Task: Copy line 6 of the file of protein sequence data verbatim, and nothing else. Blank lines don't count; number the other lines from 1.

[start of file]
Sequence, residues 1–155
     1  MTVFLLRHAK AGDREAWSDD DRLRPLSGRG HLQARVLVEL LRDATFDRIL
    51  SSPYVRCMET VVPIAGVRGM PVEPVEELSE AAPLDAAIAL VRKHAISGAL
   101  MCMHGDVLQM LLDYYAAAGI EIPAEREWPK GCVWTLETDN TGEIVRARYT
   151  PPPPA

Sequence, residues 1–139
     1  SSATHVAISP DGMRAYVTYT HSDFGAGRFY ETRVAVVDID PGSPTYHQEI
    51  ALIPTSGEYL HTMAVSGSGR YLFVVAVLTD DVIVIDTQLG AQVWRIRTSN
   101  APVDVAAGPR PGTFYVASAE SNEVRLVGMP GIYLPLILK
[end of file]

Sequence, residues 1–139